Julianna Day - Gentle, caring, honest insights

Only when a reading is delivered with honesty and respect, without judgment, can it truly help the client make the best possible choices.

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Learning to Read the Tarot

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I bought my Tarot deck when I was 23. I tore open the shiny black box with the cellophane window (ominously and enticingly displaying the Death card, no less). I upended my new deck onto my dining room table. Of course, I sped right past the introduction in the accompanying, “Reading the Tarot” manual. I thought to myself "How hard could this be?" Seriously! And, I flipped through the pages straight to the chapter titled, “Meanings.” Yay! Now we are cooking with gas!

I shuffled the cards. Threw a Celtic Cross spread (go big or go home!). Finally, I was going to have the answer to why my mother-in-law despised me so. Here it was! Only, well, there it decidedly wasn’t. What I had before me may as well have been a commentary on flavored cream cheeses.

So I did what any true reader of the oracle would do in a case like this: I threw it again. And again. And even again. Over and over until I determined that they were stupid cards that didn’t carry with them any insight at all. Cards with no mystical connection and, worse, a waste of $16.00 or – loosely translated – two pair of Evan-Picone pantyhose (Right now, Susan Speaks with Spirit is no doubt totally nodding in commiseration).

Swishing them off of the table back into their box – as one may sweep a pile of garlic bread crumbs from the table cloth into one’s palm – I thought I remembered something about storing these things. Oh, yes -- more Tarot rules. Seems these high-maintenance, spiritually-mute cardboard rectangles had to be wrapped in something that would be used only for them(sounded like the box they came in to me). Then I remembered this long, narrow, cotton-plaid scarf I had tucked in the back of the drawer. With zero mystical fanfare, I wrapped them and – with their useless too-chubby book – placed them, ironically, into my pantyhose drawer.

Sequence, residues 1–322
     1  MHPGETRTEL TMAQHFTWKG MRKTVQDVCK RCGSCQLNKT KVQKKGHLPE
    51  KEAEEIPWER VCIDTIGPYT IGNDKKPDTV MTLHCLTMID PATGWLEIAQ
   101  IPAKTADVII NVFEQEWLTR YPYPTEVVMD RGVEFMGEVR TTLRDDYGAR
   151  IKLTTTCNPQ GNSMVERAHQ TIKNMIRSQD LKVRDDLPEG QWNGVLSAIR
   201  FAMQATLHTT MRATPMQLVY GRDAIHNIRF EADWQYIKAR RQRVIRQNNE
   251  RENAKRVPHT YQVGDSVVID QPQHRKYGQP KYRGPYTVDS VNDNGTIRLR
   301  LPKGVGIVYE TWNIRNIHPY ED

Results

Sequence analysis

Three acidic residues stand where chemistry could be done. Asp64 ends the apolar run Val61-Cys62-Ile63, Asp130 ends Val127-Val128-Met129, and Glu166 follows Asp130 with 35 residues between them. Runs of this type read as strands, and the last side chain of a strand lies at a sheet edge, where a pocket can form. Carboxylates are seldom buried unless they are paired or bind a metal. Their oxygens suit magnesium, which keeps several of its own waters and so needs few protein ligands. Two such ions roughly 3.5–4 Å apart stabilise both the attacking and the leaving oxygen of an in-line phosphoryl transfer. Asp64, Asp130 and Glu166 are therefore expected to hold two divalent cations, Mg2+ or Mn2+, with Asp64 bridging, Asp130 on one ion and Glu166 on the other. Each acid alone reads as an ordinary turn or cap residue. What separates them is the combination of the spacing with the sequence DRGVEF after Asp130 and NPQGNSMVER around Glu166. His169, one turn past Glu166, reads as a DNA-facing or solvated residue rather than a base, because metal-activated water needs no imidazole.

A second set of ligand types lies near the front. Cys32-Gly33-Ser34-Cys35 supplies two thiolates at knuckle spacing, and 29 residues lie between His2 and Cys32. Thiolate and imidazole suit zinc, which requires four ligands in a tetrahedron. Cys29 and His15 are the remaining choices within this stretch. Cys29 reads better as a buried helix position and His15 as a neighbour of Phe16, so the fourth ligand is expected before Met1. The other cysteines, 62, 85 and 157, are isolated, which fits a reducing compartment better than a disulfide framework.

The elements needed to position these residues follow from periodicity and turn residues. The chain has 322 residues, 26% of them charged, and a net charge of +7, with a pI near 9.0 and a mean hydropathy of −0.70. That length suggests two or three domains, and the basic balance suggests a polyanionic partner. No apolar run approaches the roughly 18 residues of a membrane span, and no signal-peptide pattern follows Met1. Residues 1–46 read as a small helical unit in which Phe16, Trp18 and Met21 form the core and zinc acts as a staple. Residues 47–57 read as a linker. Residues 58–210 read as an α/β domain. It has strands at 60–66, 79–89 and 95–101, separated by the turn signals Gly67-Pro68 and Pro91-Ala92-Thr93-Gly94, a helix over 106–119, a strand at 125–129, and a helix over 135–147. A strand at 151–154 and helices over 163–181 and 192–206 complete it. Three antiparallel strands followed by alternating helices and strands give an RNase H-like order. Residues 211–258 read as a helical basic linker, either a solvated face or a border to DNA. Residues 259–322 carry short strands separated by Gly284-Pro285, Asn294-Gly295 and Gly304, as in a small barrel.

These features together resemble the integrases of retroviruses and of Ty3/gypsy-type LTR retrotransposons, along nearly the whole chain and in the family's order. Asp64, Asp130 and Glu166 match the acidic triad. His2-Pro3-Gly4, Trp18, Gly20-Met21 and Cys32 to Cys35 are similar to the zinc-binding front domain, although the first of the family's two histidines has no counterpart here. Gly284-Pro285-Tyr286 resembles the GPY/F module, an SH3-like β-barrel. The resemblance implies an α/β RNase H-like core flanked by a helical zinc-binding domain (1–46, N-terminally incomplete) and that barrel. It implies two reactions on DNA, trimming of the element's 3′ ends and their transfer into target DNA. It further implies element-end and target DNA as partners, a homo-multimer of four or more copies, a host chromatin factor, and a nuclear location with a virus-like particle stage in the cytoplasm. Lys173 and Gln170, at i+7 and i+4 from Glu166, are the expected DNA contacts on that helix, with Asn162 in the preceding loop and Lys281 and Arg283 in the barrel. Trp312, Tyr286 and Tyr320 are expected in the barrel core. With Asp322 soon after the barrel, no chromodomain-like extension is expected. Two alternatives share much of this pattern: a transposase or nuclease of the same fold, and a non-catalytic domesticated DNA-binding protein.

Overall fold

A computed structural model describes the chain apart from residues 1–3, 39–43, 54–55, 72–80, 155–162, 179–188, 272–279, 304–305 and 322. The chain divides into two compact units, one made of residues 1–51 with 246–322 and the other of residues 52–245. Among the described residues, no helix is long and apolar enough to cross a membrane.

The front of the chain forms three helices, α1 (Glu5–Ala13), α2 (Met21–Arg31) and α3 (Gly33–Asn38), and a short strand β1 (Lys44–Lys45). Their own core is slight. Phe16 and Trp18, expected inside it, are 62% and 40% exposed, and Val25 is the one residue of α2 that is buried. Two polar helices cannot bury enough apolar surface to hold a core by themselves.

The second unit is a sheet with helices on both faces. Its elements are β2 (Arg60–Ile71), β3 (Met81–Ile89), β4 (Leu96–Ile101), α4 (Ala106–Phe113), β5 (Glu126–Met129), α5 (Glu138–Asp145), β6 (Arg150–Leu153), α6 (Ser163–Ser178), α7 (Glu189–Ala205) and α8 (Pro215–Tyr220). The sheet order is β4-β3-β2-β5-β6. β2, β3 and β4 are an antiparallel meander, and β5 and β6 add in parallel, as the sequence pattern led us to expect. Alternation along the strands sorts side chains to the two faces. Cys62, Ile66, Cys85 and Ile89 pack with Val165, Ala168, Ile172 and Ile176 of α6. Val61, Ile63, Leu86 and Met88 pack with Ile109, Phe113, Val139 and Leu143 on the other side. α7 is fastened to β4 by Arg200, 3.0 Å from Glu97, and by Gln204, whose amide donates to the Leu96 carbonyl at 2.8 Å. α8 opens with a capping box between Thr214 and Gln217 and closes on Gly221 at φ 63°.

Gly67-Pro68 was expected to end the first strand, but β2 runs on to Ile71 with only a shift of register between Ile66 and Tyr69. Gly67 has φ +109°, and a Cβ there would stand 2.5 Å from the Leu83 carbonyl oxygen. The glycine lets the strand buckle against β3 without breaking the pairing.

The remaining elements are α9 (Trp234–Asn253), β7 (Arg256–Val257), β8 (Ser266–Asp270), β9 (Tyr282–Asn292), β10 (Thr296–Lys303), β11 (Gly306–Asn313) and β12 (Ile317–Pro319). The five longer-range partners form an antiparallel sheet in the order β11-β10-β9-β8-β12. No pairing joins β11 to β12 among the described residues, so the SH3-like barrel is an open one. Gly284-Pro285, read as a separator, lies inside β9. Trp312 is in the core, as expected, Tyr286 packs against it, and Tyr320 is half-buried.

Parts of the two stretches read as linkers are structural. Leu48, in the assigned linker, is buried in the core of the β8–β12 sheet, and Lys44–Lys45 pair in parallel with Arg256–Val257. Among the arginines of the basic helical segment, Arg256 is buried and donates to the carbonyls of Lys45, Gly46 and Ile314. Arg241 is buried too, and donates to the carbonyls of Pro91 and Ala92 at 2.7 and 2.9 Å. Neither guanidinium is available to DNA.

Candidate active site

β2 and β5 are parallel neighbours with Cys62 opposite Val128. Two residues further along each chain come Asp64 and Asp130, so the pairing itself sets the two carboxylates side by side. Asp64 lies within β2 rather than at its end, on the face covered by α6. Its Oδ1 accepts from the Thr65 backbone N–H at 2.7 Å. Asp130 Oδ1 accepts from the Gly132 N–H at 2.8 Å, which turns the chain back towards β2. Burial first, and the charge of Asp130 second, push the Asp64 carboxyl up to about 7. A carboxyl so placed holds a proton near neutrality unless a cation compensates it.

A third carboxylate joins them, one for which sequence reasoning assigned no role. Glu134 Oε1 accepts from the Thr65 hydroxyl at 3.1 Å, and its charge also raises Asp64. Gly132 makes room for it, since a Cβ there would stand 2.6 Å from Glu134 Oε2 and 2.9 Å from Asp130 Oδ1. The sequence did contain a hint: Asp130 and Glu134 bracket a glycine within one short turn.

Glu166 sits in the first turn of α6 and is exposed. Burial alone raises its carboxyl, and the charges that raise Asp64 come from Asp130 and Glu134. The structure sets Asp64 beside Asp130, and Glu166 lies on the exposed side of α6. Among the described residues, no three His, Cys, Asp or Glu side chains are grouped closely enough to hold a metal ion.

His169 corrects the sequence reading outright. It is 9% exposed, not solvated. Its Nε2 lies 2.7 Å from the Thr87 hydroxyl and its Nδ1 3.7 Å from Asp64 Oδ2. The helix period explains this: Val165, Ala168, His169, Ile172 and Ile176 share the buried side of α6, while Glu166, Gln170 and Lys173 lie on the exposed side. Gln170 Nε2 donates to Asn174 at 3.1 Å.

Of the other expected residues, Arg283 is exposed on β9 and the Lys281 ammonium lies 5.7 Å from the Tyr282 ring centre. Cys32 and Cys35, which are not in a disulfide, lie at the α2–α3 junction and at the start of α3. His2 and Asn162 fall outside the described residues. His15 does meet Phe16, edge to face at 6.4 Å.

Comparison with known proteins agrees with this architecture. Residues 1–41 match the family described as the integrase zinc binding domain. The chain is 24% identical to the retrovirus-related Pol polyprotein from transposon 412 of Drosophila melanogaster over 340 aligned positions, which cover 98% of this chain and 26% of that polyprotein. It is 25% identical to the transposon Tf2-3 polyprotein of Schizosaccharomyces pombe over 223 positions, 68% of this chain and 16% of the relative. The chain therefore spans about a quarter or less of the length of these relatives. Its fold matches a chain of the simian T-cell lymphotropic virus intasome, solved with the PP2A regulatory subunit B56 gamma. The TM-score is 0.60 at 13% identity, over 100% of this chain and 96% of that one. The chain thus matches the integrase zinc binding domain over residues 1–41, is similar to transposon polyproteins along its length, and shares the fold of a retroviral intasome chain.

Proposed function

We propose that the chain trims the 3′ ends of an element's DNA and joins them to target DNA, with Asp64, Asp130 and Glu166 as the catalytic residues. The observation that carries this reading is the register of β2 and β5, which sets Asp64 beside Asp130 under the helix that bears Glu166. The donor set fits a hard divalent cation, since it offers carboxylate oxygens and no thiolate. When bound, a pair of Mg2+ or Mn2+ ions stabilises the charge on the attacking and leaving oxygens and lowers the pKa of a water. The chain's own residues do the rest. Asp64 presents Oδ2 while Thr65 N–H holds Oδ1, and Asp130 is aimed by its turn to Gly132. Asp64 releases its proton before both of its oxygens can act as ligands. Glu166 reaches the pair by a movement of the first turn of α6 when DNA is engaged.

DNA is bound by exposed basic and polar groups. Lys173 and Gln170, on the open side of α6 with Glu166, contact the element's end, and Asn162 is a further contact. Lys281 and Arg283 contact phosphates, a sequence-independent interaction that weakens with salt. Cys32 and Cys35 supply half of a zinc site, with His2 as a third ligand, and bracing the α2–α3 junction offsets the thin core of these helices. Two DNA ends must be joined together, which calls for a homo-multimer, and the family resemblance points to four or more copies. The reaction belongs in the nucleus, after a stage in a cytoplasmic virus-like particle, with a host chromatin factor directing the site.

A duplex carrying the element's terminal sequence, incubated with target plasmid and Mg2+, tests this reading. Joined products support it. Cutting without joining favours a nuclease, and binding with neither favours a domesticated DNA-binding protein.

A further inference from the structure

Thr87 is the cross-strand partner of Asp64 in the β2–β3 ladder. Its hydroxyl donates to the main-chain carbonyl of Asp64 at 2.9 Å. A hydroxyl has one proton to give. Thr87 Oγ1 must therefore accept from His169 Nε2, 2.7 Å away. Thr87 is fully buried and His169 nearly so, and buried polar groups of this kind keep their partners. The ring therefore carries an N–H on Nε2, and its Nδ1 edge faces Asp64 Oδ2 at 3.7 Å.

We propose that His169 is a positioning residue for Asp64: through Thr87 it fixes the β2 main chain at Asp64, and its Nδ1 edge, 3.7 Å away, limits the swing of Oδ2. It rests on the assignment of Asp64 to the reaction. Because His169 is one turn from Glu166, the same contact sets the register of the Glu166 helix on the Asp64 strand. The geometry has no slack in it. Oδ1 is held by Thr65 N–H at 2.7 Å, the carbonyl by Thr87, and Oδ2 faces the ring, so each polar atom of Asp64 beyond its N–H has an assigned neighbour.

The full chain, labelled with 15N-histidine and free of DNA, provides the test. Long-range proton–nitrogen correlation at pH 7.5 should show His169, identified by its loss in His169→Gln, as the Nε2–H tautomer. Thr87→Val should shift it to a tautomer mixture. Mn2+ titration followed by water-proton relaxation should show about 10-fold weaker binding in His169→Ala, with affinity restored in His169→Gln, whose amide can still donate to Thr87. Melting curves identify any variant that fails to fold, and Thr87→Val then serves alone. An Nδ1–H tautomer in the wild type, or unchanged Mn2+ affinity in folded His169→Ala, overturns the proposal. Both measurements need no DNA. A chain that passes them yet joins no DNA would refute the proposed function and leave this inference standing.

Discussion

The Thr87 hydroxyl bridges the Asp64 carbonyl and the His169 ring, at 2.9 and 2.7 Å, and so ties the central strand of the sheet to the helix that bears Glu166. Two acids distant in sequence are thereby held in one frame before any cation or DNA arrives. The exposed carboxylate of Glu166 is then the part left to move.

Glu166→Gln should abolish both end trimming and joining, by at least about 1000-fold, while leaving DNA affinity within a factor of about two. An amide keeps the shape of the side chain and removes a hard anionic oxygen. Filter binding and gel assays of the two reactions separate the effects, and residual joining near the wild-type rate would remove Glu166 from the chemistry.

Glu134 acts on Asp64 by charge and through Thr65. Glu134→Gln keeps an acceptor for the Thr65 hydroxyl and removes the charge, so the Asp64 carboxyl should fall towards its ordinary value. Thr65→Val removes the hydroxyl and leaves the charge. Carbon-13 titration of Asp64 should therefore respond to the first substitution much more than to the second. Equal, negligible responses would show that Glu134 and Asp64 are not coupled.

Over the years, I would occasionally remove the cards from their little pastel-checked nest and shuffle them around. Throw a spread. Read a bit of the instruction manual. I never salted them, sprayed them, smudged them or lit candles around them. Those of you for whom I’ve had the privilege of reading; those who have read my blogs; and certainly my colleagues know I’m not exactly a paint-my-body-blue-and-dance-in-the-moonlight type of mystic.

Eventually, I read the instruction book. I sort of memorized the general card meanings. I visited readers who used the tarot some exclusively; some as a tool to enhance their gifts. I read a book blending the philosophies of Carl Jung with the imagery of the Tarot. It was perhaps the latter that finally, decades after the Death card caught my eye on that bookshelf, provided me with the stepping stone on which I’ve built my personal style of interpreting the Tarot.

While each card has a meaning to me dependent on its placement in the spread, spread style, the way the question is phrased and all of the traditional Tarot rules and regulations ~ I learned that the Tarot is far more personal than just that. I learned that rather than stepping –in- to a reading, focusing closely on the pedantic wording, I was much better served to step out.

I’ve found that focusing on the imagery, colors, numbers and symbolism of the cards in addition to the general meaning has proven an invaluable way to interpret. I admire (more than words can say!) those readers who throw a card and deliver that knowing – and I do mean knowing – nod of understanding. For me, stepping back from the hard-fast interpretation provided in the accompanying instruction manual has relieved me of “Tarot anxiety” and opened a world of insight.